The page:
Ketorolac and the Kidney

Source: Feldman HI, et al. Ann Intern Med 1997;126:193-199.

A recent multicenter, retrospective, cohort study by Feldman et al was undertaken to establish the risk of acute renal failure (ARF) associated with the NSAID ketorolac. Inpatients receiving over 10,000 courses of the drug parenterally were compared with a similar number of patients receiving courses of parenteral opioid analgesics. Subjects were matched by hospital, admitting service, and date of therapy initiation. Long-term dialysis patients were excluded. ARF was defined in two ways: principally, by an elevation in creatinine that met specific absolute and relative (to baseline) criteria, and, secondarily, by chart notation of acute renal failure in addition to this laboratory evidence.

ARF occurred infrequently, regardless of how it was defined. The incidence was the same for both the ketorolac and opioid groups: 1.1%. ARF occurred in no one under 15 years of age, in less than 1% of patients ages 15-64, and in 2% of patients ages 65 or older. However, there was a significantly higher rate of ARF in the ketorolac group when the course of therapy was longer than five days. The study had limited power to identify a specific subgroup at risk for ARF; although one was not found, the incidence of ARF (regardless of drug) was significantly increased in patients with several predisposing conditions, including chronic renal disease, cirrhosis, hypertension, cancer, and concomitant use of aminoglycoside or other antibiotics.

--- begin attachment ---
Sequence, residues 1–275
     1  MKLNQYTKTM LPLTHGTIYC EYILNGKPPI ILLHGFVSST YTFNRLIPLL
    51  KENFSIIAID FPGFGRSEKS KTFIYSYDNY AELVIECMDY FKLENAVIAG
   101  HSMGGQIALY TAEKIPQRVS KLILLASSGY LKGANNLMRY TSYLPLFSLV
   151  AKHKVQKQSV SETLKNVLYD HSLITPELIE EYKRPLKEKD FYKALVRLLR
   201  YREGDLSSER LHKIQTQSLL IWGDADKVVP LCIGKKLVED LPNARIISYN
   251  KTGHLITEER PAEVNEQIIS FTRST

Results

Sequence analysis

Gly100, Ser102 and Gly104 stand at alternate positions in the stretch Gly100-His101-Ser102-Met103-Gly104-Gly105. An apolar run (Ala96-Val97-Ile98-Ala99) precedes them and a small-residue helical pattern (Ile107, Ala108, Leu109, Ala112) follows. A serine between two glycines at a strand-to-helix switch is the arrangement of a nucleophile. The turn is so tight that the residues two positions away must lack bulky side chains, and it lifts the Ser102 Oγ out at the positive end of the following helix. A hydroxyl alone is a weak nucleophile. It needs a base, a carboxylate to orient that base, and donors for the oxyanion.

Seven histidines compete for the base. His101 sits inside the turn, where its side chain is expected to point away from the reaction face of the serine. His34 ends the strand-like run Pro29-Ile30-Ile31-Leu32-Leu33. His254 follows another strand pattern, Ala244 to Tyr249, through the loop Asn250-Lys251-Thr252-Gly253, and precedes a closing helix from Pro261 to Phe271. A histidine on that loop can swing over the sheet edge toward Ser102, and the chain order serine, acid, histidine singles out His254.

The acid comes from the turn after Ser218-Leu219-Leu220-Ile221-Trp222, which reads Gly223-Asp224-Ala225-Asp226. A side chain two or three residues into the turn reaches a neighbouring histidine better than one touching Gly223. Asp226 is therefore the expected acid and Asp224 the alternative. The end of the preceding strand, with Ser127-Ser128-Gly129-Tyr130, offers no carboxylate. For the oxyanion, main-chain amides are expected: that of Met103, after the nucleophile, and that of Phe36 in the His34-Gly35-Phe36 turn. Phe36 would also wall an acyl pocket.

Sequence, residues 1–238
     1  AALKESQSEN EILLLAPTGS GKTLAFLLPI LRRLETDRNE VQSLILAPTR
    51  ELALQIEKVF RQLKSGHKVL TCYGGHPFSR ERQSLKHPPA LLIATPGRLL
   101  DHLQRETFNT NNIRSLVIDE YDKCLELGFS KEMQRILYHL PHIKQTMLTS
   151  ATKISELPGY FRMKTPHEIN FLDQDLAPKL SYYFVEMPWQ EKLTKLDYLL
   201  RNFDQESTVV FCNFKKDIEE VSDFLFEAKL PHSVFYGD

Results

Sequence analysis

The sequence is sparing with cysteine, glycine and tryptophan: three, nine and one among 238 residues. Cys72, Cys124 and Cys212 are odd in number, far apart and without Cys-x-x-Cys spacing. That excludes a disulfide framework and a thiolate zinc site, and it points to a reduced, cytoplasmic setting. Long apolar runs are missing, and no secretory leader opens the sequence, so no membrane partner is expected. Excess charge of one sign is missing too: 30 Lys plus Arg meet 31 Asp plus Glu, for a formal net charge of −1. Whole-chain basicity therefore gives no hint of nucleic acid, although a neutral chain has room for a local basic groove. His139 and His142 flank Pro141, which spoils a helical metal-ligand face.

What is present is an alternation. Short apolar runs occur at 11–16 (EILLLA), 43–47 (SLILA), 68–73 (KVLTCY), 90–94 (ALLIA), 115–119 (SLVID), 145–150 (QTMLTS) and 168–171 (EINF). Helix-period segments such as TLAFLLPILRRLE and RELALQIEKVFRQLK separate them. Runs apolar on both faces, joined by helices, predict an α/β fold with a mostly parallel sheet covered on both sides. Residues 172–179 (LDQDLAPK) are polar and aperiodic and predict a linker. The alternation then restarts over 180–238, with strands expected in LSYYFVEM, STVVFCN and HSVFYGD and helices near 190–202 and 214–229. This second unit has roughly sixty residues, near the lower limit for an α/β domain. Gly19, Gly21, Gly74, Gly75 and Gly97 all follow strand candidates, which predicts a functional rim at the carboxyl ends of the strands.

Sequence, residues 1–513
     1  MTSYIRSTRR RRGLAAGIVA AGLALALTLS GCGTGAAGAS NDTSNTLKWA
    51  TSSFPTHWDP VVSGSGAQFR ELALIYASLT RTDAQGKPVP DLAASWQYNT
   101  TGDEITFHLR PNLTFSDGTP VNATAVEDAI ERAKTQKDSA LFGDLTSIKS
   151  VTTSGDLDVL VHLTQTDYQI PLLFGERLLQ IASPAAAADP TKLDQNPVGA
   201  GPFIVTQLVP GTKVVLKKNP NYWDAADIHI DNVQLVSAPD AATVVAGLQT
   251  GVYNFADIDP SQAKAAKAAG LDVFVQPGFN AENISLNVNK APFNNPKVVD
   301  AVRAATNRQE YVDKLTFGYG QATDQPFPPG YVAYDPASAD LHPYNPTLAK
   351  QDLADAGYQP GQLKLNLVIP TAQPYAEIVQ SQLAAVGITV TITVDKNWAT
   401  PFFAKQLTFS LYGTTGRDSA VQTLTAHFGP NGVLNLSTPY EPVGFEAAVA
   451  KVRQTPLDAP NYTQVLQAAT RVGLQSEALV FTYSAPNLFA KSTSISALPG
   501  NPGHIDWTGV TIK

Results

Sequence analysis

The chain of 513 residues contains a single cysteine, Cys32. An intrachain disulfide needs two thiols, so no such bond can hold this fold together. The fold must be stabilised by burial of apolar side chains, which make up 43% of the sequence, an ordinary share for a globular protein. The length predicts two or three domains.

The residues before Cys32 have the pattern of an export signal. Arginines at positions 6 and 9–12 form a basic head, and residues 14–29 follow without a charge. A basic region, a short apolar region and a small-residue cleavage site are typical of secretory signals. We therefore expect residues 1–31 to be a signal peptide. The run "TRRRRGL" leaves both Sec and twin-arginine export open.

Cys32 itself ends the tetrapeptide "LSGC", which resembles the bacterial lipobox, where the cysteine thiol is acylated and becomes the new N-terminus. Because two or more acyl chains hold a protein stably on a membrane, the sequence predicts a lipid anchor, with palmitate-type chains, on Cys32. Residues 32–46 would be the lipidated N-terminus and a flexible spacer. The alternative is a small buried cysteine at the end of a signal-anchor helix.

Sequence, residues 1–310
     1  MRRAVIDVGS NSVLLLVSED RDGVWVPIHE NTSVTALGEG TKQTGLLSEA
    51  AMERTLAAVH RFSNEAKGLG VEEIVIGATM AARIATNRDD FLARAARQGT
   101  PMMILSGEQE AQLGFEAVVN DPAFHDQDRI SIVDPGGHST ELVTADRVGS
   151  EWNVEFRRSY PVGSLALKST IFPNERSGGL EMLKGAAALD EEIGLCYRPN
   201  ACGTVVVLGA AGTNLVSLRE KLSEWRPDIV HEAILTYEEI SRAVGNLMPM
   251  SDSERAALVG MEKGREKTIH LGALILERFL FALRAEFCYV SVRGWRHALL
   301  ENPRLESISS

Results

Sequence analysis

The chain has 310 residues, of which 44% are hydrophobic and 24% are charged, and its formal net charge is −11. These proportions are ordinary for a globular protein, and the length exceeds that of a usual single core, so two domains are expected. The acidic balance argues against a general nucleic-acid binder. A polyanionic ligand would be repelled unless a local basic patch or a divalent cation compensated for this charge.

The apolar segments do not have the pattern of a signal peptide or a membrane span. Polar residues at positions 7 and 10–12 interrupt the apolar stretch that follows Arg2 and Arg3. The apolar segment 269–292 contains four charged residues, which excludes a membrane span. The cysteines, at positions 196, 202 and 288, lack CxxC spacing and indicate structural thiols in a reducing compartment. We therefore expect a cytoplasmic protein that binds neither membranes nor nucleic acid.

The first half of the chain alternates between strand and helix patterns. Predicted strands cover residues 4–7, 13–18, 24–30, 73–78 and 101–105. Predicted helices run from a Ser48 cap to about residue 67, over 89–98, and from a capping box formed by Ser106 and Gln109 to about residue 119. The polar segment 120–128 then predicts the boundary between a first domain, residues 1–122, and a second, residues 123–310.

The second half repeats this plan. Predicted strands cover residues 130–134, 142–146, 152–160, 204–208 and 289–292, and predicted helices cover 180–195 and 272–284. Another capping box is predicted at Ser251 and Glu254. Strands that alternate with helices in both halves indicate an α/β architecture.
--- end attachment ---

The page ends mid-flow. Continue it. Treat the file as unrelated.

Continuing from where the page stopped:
Comment by Richard A. Harrigan, MD

This study provides reassurance that short-course ketorolac therapy is relatively unlikely to cause acute renal insufficiency. Keeping in mind that the study population consisted of hospitalized (and presumably "sick") patients, the physician may feel more comfortable with the use of ketorolac in some aspects of care. The authors reference several case reports of ARF after ketorolac use, some of which occurred after only a single dose of the agent. This is the first study that compares the rate of ARF in patients receiving ketorolac with appropriate controls. The study also reminds us which patients are already at risk for ARF; I would be less likely to use ketorolac in patients with the predisposing conditions highlighted in the study and listed above.

The issue of ketorolac and gastrointestinal hemorrhage is another concern; these authors have published previously with respect to this complication.1 Finally, we must consider cost. At our hospital, the pharmacy costs for ketorolac 30 mg IV are $7.19, whereas pharmacy costs for meperidine 50 mg IV and morphine 5 mg IV are $0.35 and $0.49, respectively.


    1. Strom BL, et al. JAMA 1996;275:376-382.